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The majority of cases handled by Chitwood Harley Harnes LLP are securities fraud class actions filed on behalf of shareholders of publicly traded companies.  In these actions, the firm represents investors, frequently institutional investors such as state, county or union pension funds, in lawsuits to recover monetary losses caused by fraudulent misrepresentations or omissions by a company, its officers and directors, and frequently its auditors, that artificially affect the price of the company’s stock.

Investors rely on information provided by corporate management in press releases, SEC filings and company conference calls when making decisions to invest in a particular company.  A company's stock price is determined by such information, and when that information is revealed to be false or fraudulent, investors may suffer a monetary loss.

Cases to recover monies lost as a result of corporate fraud are often brought as class actions, with one or more persons or entities taking a leadership role (or serving as a “lead plaintiff”) on behalf of all similarly situated individuals.  Congress, when enacting the Private Securities Litigation Reform Act (“PSLRA”) in 1995, determined that the person or entity with the largest losses is the most appropriate party to lead this type of litigation.  As a result, there has been an increasing trend toward institutional investor leadership in securities fraud class actions.  This trend has resulted in higher recoveries for all investors, and Chitwood is proud to represent a number of public and private funds in these cases.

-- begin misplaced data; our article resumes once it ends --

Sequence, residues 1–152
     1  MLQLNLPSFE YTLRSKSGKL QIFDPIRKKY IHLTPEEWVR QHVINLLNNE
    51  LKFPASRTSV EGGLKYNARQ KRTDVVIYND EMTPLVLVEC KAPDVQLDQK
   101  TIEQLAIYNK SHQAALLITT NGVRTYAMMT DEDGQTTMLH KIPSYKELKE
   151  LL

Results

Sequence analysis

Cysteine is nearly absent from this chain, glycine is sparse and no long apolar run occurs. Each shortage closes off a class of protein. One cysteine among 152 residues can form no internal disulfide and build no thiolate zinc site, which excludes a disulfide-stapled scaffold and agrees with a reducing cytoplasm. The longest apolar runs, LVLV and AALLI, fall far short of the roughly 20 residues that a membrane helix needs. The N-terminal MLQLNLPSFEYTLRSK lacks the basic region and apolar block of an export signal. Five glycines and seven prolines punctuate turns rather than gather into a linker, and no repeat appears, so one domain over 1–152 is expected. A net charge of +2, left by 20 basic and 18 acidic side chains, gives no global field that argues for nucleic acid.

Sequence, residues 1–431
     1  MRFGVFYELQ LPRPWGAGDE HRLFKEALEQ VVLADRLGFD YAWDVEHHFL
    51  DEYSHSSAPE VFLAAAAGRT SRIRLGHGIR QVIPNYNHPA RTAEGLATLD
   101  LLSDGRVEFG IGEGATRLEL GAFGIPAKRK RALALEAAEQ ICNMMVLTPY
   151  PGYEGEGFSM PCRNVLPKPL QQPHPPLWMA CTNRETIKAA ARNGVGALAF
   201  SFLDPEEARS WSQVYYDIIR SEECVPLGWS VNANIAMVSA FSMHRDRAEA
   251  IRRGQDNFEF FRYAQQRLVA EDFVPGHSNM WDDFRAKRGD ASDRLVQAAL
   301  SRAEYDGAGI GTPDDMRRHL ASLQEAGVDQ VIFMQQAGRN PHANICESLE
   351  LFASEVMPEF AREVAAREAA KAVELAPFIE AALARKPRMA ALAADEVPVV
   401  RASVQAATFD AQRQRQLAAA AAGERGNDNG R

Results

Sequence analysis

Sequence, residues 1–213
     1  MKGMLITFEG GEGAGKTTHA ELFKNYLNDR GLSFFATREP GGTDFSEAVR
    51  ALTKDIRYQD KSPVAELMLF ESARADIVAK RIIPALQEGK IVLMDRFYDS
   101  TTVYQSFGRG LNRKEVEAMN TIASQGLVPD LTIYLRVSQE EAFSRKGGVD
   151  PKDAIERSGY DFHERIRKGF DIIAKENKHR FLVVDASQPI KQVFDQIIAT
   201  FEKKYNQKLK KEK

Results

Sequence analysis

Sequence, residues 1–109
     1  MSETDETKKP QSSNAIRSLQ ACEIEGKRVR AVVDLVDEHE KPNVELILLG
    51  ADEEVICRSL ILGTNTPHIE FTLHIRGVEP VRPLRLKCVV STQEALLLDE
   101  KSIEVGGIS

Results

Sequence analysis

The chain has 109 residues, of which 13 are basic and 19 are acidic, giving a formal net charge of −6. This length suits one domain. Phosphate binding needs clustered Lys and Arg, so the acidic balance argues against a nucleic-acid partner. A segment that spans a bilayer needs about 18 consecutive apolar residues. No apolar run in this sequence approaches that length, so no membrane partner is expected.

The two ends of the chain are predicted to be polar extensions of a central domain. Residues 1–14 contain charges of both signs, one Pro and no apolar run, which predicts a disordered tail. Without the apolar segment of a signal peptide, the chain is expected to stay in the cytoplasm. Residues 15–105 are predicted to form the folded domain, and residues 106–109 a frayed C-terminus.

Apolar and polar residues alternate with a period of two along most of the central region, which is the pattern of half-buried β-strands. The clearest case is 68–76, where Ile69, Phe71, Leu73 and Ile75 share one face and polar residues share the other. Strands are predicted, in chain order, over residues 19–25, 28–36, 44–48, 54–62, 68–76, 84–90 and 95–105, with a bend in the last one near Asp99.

Sometimes a fund has a loss so significant that it may choose to file an individual, or "opt-out", action against a company.  In addition to serving as counsel for classes, Chitwood counsels and represents its clients with respect to “opt-out” actions filed by individual investment entities under state laws.

Chitwood served as counsel in both the BankAmerica securities litigation in the Eastern District of Missouri, which settled in a $490 million recovery for investors, and the Oxford Health Plans securities litigation in the Southern District of New York, which resulted in a $300 million recovery.  At the time these cases were resolved, they were the second and fifth largest recoveries, respectively, since the enactment of the PSLRA.